term Filipino originally referred exclusively to Spaniards and Spanish
mestizos born in the Philippines. Espanoles-Filipinos --
children of Espana and Filipinas -- was how they specifically called themselves.
Later the native upper class of indios ("uncivilized heathens")
and Chinese mestizos, believing that education and wealth gave them the
cloak of Spanish culture, also began calling themselves Filipinos.
Juan de la Cruz
to popular notion, the symbolic name "Juan de la Cruz" is not a
Filipino invention. R. McCulloch-Dick, a Scottish born journalist, coined
the generic tag while working for the Manila Times in the early 1900's
after discovering it was the most common name in police blotters and court
dockets in and around Manila.
do so many Filipino women (and men) carry "Maria" in their names? A major
cause dates back to spanish times when parishes would refuse to baptize
a child unless the parents chosen name included the allusion to the Virgin
Mary. The practice resists to this day, but on a far less pervasive scale.
term Pilipinas, as distinguished from Filipinas, made its
first public appearance in a stamp issued during the Japanese Occupation
of Manila in World War II. Not until 1962 did the Philippine government
make a similar change from Filipinas to Pilipinas in officially describing
Months & Days
of Spanish words have Tagalog roots. Examples: acharra (atsara);
banguerra (banggera); barrumbado (barumbado); bucayo (bukayo);
caua (kawa); cascasero (kaskasero); panciteria (pansiteria);
quizame (kisame); salacot (salakot); tampipi (tampipi);
tinapa (tinapa); tulisan (tulisan).
there more Filipino males than females?
Just slightly. The latest count put the ratio at 100.9 males for every
100 females. In Metro Manila, however, the Filipino male is outnumbered:
did the terms kuya and ate come from?
Most experts point to Chinese origins. Kuya is said to be
a combination of two Chinese words: ko (elder brother) and
(a term of kinship); ate from the same a plus chi
many Philippine presidents were bar topnotchers?
Three: Manuel A. Roxas, Diosdado Macapagal, and Ferdinand Marcos.
Filipino names for the days are from Spanish, with the sole exception of
(Sunday). why not Domingo?
comes from the Malay Mingu, which is a corruption of the
Portuguese Domingo (Sunday). But on its way to the Philippines,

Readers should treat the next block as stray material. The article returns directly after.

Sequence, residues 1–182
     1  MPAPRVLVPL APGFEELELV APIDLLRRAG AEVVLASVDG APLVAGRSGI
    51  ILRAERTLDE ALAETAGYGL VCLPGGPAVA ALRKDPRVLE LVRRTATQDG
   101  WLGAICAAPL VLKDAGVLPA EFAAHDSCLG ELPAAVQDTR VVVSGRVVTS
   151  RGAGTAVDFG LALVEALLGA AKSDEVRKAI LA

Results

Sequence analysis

subject of the pabasa during Lent, holds what distinction
in Philippine publishing history?
It's the No. 1 all-time bestseller in the Philippines.
Magsaysay named his presidential plane Mt. Pinatubo. Why?
Pinatubo in Zambales was Magsaysay's area of operation as a guerilla
leader in World War II. He went on to become military governor of the province
at war's end.
special about the 1926 film Tatlong Hambog?
It featured a kissing scene between Elizabeth "Dimples" Cooper and Luis
Tuazon -- the first in Philippine cinema
Three Filipino babies
will be born in the next 60 seconds or so.
One hundred thousand
hectares -- the size of 375,000 basketball courts -- of Philippine forest
are denuded every year.
Every day about 250
Filipino babies die of preventable diseases such as pneumonia, diarrhea
The Philippines has
not enjoyed complete internal peace for the past 40 years.
There is one live chicken
for every Filipino.
The average Filipino
bride is 23 years old; her bridegroom, 25.
The typical Filipino
breakfast is not tapsilog (tapa, sinangag and
It's kankamtuy: kanin, kamatis and tuyo.
Chop suey is
not a native Chinese dish. It originated in the late 19th century in a
California camp where the Chinese cook simply threw together what he had
left over and called it 'chop suey', a phonetic transliteration
of the Cantonese tsa sui, which means something like "odds
There is no pancit
Canton in Canton, and no lumpiang Shanghai in Shanghai.
The choice of Gabriel
"Flash" Elorde's sobriquet had nothing to do with speed. In fact
it was originally "K.R.S. Flash", the initials supposedly for Kintanar
Radio Shop (or Station) as Elorde's first manager (Kintanar) was a Cebu
radio ham. The "Flash" was taken from the regular radio line "news flash
Pinoy Trivia. volume 1. Anvil Publishing
Inc., Pasig Metro Manila Philippines, 1993